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Re: Alternate Tab

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  • Sadarax
    I do not know of anything different than the keys you have mentioned. But you can always map different keys to these functions. Here are some of my mappings
    Message 1 of 5 , Mar 3, 2008
      I do not know of anything different than the keys you have mentioned.

      But you can always map different keys to these functions. Here are some of my mappings from my .vimrc file:

      " Make a new tap with CTRL+t
      :nmap <C-t> :tabnew<cr>
      :imap <C-t> <ESC>:tabnew<cr>

      " Go to the next tab with a key press while in navigation mode
      :nmap <tab> :tabnext<cr>

      " Go to previous tab with Shift+h and next tab with Shift+l in navigation mode
      :nmap <S-h> gT
      :nmap <S-l> gt

      " Move to next tab while within insert mode
      :imap <C-E> <ESC>:tabnext<cr>a

      And those this is not related to what you want, I often use this to spawn a new tab (or Explorer window).

      " Run Explorer in a new Tab
      imap <F1> <Esc>:call RunExplorer() <CR>
      cmap <F1> :call RunExplorer() <CR>
      nmap <silent> <F1> :call RunExplorer() <CR>
      function! RunExplorer()
        if expand("%") != ""
          tabnew
        endif
        Explore
      endfunction

      I hope that helps.

      On Sun, Mar 2, 2008 at 9:32 PM, Jeenu <jeenuv@...> wrote:

      Hi,

      I wonder whether there is a command which would open alternate tab,
      similar to CTRL-^ for alternate buffer. This would be particularly
      useful when working with 2 tabs most of the time. It's a bit painful
      to use multiple 'gt' and 'gT', unless they are placed next to each
      other using ':tabm'

      Thanks
      Jeenu




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    • A.Politz
      ... Search for a thread called tab toggle . -ap -- ... --~--~---------~--~----~------------~-------~--~----~ You received this message from the vim_use
      Message 2 of 5 , Mar 3, 2008
        Jeenu wrote:

        >Hi,
        >
        >I wonder whether there is a command which would open alternate tab,
        >similar to CTRL-^ for alternate buffer.
        >
        >
        Search for a thread called 'tab toggle'.

        -ap


        --
        :wq


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      • Benjamin Fritz
        ... I used to use CTRL-T for new tab, but then I realized that CTRL-T is jump back from tag by default. So, if navigating help files, you can jump back after
        Message 3 of 5 , Mar 3, 2008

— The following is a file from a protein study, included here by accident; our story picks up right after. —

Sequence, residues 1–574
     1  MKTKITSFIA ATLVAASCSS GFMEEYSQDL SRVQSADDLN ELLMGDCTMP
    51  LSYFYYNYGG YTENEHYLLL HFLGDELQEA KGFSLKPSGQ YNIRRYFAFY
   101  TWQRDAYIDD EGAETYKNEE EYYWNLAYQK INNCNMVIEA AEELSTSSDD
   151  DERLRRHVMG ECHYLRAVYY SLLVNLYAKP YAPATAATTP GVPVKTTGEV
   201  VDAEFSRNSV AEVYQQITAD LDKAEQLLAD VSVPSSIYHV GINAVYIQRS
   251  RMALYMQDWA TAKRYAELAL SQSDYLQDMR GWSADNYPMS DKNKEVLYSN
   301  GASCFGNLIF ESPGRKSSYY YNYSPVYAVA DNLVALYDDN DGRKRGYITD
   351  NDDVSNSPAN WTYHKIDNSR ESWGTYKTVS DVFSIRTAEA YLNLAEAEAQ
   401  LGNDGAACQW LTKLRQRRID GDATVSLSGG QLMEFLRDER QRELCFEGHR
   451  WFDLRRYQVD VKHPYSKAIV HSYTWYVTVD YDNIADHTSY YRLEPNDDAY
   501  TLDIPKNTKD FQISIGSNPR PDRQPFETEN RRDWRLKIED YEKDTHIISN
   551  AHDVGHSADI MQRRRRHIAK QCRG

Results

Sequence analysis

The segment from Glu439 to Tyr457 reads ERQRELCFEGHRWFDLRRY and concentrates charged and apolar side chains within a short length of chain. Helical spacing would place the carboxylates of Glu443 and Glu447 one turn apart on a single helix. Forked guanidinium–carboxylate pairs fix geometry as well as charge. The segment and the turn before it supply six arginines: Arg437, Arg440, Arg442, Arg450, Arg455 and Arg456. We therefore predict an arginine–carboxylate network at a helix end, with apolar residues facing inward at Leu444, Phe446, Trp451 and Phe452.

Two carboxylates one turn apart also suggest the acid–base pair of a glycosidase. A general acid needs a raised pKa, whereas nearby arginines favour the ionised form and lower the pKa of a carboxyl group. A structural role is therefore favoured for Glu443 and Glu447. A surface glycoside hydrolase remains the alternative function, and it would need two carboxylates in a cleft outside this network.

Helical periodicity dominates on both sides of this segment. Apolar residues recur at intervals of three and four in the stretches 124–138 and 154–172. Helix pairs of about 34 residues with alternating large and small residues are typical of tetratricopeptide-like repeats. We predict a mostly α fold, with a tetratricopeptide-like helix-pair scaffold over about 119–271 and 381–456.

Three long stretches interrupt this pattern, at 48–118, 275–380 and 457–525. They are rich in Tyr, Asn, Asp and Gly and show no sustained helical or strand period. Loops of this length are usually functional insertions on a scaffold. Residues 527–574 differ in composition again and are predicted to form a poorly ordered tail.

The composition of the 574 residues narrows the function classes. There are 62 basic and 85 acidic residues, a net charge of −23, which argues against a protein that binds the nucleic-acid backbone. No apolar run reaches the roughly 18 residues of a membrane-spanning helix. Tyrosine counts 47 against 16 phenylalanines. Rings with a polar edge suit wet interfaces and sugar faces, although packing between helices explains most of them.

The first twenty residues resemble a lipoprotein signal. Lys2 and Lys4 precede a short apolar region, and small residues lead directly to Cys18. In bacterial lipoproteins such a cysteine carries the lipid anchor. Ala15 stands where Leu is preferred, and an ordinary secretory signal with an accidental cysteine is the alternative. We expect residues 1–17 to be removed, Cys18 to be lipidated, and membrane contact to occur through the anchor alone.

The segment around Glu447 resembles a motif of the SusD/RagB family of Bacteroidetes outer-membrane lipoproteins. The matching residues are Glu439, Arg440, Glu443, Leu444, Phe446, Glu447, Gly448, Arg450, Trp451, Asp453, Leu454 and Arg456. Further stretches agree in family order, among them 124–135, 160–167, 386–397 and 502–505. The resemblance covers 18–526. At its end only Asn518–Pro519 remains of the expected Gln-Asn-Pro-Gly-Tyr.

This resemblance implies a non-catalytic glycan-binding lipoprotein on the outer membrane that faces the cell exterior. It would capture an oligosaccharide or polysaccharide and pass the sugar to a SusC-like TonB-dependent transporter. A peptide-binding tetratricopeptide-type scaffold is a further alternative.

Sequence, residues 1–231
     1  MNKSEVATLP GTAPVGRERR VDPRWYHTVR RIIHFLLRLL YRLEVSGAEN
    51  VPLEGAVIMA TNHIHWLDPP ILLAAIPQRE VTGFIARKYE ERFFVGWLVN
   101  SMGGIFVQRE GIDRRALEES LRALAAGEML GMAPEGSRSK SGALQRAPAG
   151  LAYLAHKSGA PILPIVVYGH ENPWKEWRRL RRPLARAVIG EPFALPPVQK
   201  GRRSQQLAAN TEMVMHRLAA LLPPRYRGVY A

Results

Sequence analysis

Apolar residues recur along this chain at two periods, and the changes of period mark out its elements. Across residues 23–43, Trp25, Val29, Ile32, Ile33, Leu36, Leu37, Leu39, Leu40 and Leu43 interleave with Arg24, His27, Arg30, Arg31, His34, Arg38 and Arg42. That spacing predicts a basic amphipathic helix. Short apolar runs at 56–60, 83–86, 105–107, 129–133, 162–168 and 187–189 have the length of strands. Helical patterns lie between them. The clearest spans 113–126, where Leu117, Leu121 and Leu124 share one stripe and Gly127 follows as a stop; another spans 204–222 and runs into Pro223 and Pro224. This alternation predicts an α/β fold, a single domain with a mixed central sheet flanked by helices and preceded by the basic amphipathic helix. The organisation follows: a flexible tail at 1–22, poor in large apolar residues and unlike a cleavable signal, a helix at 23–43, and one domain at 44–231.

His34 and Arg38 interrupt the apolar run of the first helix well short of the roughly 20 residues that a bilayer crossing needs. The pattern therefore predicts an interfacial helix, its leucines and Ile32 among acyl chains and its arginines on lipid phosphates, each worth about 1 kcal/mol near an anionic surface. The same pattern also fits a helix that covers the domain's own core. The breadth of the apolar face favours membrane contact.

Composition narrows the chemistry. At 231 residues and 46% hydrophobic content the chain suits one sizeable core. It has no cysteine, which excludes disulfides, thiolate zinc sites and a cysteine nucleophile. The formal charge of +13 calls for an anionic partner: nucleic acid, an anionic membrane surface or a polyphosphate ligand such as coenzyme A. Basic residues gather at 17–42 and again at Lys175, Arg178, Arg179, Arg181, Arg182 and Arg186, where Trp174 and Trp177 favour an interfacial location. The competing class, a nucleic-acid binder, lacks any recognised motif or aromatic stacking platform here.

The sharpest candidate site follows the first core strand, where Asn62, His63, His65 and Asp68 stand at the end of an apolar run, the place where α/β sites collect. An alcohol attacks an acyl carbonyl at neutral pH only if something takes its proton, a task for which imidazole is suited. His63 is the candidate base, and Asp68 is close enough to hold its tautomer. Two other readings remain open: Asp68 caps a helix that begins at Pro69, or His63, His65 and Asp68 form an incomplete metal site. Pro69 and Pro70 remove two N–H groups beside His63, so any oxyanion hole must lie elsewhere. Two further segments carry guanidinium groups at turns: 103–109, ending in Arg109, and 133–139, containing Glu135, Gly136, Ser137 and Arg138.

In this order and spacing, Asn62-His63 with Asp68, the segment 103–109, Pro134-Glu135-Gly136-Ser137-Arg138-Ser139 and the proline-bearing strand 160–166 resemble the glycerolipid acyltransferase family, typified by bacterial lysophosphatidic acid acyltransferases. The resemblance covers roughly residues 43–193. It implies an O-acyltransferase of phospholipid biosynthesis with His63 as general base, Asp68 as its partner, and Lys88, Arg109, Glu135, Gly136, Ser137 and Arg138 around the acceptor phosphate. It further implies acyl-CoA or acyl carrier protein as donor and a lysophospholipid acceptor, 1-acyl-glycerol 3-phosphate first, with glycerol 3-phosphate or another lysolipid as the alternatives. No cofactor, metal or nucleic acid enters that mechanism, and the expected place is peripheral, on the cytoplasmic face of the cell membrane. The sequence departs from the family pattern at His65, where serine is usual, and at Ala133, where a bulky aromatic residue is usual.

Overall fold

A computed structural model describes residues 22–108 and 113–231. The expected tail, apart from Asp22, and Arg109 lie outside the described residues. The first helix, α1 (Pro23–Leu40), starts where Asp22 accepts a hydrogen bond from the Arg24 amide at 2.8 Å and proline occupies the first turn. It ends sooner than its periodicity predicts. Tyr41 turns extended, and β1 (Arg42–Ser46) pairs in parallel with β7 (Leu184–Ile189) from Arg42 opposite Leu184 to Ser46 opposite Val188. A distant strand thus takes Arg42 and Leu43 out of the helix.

On 3/3/08, Sadarax <sadarax@...> wrote:
          > I do not know of anything different than the keys you have mentioned.
          >
          > But you can always map different keys to these functions. Here are some of
          > my mappings from my .vimrc file:
          >
          > " Make a new tap with CTRL+t
          > :nmap <C-t> :tabnew<cr>
          > :imap <C-t> <ESC>:tabnew<cr>
          >
          > " Go to the next tab with a key press while in navigation mode
          > :nmap <tab> :tabnext<cr>
          >
          > " Go to previous tab with Shift+h and next tab with Shift+l in navigation
          > mode
          > :nmap <S-h> gT
          > :nmap <S-l> gt
          >
          > " Move to next tab while within insert mode
          > :imap <C-E> <ESC>:tabnext<cr>a
          >
          > And those this is not related to what you want, I often use this to spawn a
          > new tab (or Explorer window).
          >
          > " Run Explorer in a new Tab
          > imap <F1> <Esc>:call RunExplorer() <CR>
          > cmap <F1> :call RunExplorer() <CR>
          > nmap <silent> <F1> :call RunExplorer() <CR>
          > function! RunExplorer()
          > if expand("%") != ""
          > tabnew
          > endif
          > Explore
          > endfunction
          >
          > I hope that helps.
          >
          > On Sun, Mar 2, 2008 at 9:32 PM, Jeenu <jeenuv@...> wrote:
          >
          > >
          > > Hi,
          > >
          > > I wonder whether there is a command which would open alternate tab,
          > > similar to CTRL-^ for alternate buffer. This would be particularly
          > > useful when working with 2 tabs most of the time. It's a bit painful
          > > to use multiple 'gt' and 'gT', unless they are placed next to each
          > > other using ':tabm'
          > >
          >

          I used to use CTRL-T for new tab, but then I realized that CTRL-T is
          "jump back from tag" by default. So, if navigating help files, you can
          jump back after following a link with CTRL-]. The same goes for if you
          use CTags with Vim. So, I'd certainly recommend NOT using that
          particular mapping.

          As for the question at hand (how to easily jump to any tab) I do the following:

          1. Set up your guitablabel (if your system supports it) or your
          tabline (if it doesn't) to display the tab number somewhere on the
          tab. See :help 'tabline' and :help 'guitablabel'
          2. Navigate to the tab in question using [N]gt, where N is the tab
          number, grabbed from the display you just set up.

          Here's my particular guitablabel setup for an example:

          " set up tab labels with tab number, buffer name, number of windows
          function! GuiTabLabel()
          let label = ''
          let bufnrlist = tabpagebuflist(v:lnum)